Where There is Some Limitation, There is Universality

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===== Awakening the Archive - Tape #9, by Shundo David Haye =====

This talk is found on the same reel as the one previously discussed (https://suzukiroshi.engagewisdom.com/talks/tokusan-and-old-lady), along with two other tracks that are also basically inaudible due to bleedthrough of extraneous noises in the recording, and which have not previously been released. This one track, however, is clear, and yet for some reason, no transcript existed for it, even though the box for the reel states that tracks had been transcribed. We can assume that this talk is most likely to be from the February 1966 sesshin, and Suzuki Roshi speaks about practice in ways that reflect his other sesshin talks around this time.

Overall, this talk is more or less a commentary on the lines from the Sandokai (by Sekito Kisen) that he quotes at the beginning - the interpenetration of light and dark, where dark represents the absolute, and light the relative. The bright and the dark always co-exist, and we should not mix them up or confuse them. He stresses, as he does in other talks from this time, that universality is not just an idea, and that we find the value of each thing as we encounter it - but only insofar as we can do it mindfully. Suzuki Roshi also drops in a quote from Dogen's Tenzo Kyokun (which Dogen himself borrowed from an older story from Chinese Zen), about putting things in their rightful place, so that its value can be appreciated.

Suzuki Roshi emphasizes several times the real value of each thing (as Sekito put it in the Sandokai, "Each and every thing has its merit, expressed according to function and place"), and compares this with our notions of "exchange value." Interestingly, the only other times he used this latter phrase were in the extended series of lectures he gave on the Sandokai at Tassajara in the summer of 1970, which were turned into the book "Branching Streams Flow in the Darkness."

When we can act in the world, clear about the interplay of the relative and the absolute, understanding the real value of everything, treating things - and ways of thought, even religions as he posits towards the end - with "deep consideration," we are not separating our practice from the rest of our life:

"So we do not try to escape from this world, this phenomenal world, to some special world. We should find out the true meaning of life in our everyday life. That is our way. If you understand this point, there is no difference between your Zen practice and everyday life." (4:58)

The closing paragraph is a lovely evocation of the power of zen students; when practitioners move - moment by moment with manifest calmness as things happen at great speed - through this world that the Sandokai speaks of, there is an expression of power, a full expression of each moment: "Each point should be zen."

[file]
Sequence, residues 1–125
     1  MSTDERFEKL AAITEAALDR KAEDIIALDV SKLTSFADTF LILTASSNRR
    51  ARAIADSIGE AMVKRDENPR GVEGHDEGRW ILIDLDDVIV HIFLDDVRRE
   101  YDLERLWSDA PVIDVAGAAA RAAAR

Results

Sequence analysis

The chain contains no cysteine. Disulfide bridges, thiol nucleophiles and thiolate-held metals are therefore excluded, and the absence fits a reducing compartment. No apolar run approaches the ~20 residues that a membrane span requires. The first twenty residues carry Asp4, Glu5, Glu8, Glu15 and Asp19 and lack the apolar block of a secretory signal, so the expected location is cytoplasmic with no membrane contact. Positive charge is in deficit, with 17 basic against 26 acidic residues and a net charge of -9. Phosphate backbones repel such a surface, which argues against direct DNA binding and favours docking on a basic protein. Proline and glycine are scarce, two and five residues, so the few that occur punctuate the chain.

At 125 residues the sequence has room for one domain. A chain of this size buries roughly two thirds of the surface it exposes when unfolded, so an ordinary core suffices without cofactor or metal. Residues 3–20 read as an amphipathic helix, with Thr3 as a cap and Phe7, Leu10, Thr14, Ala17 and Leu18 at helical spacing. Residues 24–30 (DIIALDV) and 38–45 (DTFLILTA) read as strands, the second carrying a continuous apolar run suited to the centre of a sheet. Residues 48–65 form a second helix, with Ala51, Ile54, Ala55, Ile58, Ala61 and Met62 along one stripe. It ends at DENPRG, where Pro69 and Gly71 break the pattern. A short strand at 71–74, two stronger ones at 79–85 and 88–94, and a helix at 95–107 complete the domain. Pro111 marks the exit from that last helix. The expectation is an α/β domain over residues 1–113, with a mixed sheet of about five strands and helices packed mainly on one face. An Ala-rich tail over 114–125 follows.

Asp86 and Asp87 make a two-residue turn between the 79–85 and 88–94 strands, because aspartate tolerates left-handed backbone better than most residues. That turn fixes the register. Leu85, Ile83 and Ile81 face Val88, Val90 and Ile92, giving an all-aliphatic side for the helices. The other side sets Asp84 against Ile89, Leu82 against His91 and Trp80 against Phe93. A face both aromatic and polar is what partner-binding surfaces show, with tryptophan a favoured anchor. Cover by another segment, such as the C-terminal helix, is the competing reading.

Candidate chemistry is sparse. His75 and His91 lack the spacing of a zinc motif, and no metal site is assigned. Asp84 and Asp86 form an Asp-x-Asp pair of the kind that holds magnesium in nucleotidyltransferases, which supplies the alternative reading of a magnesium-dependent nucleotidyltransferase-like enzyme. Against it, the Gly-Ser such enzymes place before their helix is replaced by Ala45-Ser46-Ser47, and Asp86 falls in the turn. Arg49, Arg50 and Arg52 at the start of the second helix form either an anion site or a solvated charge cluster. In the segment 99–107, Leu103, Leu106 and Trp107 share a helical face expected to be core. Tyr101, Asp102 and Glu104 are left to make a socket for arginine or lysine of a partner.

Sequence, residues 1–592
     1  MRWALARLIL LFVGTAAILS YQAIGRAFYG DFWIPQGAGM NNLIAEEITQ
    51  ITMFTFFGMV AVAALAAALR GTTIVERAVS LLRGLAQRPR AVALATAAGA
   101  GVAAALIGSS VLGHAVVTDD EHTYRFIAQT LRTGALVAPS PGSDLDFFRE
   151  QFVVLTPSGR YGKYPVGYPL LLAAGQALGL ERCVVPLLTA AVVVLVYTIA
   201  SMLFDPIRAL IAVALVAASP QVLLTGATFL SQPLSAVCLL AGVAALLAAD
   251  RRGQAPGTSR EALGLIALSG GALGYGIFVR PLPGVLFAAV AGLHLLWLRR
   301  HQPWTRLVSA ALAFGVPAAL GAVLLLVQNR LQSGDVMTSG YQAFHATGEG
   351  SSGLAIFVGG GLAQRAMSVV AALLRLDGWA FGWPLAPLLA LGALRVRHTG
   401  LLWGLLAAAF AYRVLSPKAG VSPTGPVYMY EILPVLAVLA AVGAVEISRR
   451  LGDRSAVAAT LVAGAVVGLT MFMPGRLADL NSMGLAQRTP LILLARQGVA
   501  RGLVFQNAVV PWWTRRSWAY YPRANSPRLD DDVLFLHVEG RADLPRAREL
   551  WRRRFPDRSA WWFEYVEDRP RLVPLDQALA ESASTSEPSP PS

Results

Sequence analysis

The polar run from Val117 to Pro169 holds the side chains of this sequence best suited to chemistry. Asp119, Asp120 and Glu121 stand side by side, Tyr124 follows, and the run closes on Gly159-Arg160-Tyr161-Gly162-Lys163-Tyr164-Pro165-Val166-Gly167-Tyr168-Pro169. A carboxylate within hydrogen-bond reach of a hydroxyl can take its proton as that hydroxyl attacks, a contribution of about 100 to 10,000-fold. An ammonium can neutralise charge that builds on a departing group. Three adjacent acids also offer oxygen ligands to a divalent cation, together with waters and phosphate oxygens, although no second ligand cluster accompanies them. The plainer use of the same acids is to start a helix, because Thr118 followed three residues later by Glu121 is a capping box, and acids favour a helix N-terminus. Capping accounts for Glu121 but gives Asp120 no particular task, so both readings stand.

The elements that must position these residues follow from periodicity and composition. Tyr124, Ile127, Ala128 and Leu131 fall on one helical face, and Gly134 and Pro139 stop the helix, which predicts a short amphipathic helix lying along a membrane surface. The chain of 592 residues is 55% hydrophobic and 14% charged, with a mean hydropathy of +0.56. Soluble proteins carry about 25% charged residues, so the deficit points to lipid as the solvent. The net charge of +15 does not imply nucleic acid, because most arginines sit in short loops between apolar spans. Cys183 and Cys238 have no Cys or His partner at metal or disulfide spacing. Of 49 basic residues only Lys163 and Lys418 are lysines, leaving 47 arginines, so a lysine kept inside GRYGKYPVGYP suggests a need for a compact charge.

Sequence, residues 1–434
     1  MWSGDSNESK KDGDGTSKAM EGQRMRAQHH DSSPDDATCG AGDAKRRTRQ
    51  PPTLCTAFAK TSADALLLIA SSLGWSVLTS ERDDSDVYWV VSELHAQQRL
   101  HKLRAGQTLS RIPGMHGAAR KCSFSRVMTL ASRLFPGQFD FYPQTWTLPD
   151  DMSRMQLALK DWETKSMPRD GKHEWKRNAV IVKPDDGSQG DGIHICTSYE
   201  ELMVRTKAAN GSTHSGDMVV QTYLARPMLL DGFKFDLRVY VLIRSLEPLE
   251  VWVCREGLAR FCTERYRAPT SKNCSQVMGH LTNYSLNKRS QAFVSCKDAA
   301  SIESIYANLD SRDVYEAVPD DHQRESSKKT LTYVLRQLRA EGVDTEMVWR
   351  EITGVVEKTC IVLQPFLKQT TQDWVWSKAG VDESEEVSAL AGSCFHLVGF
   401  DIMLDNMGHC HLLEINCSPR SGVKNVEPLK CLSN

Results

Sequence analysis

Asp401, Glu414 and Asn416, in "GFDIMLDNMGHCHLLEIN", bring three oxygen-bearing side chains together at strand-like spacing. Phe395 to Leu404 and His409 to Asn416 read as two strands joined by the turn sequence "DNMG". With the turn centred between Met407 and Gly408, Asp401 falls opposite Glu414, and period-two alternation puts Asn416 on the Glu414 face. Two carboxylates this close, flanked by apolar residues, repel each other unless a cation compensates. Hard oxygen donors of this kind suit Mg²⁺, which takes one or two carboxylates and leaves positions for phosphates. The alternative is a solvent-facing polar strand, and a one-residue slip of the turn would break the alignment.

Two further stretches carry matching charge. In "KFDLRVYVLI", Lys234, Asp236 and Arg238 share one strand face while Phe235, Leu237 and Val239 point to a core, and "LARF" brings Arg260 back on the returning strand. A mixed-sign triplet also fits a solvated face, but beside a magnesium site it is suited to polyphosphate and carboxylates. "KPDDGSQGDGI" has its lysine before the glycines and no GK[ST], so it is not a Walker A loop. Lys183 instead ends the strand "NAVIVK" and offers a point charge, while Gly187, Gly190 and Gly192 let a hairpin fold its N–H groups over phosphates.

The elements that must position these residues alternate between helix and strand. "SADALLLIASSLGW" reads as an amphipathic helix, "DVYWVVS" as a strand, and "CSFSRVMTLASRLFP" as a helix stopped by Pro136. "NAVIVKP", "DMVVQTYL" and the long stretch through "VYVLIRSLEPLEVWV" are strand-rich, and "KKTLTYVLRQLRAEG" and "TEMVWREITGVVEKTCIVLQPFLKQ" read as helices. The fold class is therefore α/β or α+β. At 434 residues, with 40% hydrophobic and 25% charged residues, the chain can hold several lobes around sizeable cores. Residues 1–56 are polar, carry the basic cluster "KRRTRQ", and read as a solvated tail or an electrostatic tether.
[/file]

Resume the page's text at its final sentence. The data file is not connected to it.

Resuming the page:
Transcript and title, SDH 10/21.

At the start of the transcript:
(1) - quoting Sekito's Sandokai.
(2) - quoting Dogen's Tenzo Kyokun; #new-audio, #awakening-the-archive


Every morning in the monastery it says, "In the night -- in the darkness, there is brightness, in the brightness there is darkness." (1) Darkness, you will find in your practice, can be -- bring into your life other dark side of -- bright side of your life. In that case some limitation is necessary, so we should do various things at right time in adequate way - in some certain way. We cannot mix up things. Things which you should (put) higher place, you should put it in higher place. The things which you should put lower place, you should put lower place (2). This is our way.

Where there is some limitation, there is universality. The universality is not just an idea. The universality we mean has meaning - actual meaning - or we say, validity. Universality must result (in) some actual value. So when we do some special thing, in that special activity, we will find universal -- universality, as an embodiment of Dharmakaya Buddha, or Buddha. So when you put something which you should put higher place, you will find out universality in that existence. If you mix up, it means you treat things just as material, you do not find out any value in it. You treat it just material. But when you put it in right way, in right position, there you will find its meaning and value.

So in our practice, actually, there's no difference between universality and speciality. When you do some special thing, you have -- you express your Buddha nature there. So we do not try to escape from this world, this phenomenal world, to some special world. We should find out the true meaning of life in our everyday life. That is our way. If you understand this point, there is no difference between your Zen practice and everyday life. When you practice zazen, without doing anything, just concentrated on your inhaling and exhaling, there you have dark side of the truth -- reality. You express dark side of reality. But when you do something, it may be said that is bright side of reality, but actually your activity from one to the other -- each of the activities is the same as the practice of Zen, because each practice, in the smallest particle of time, is the same as your long periods of practice in cross-legged posture.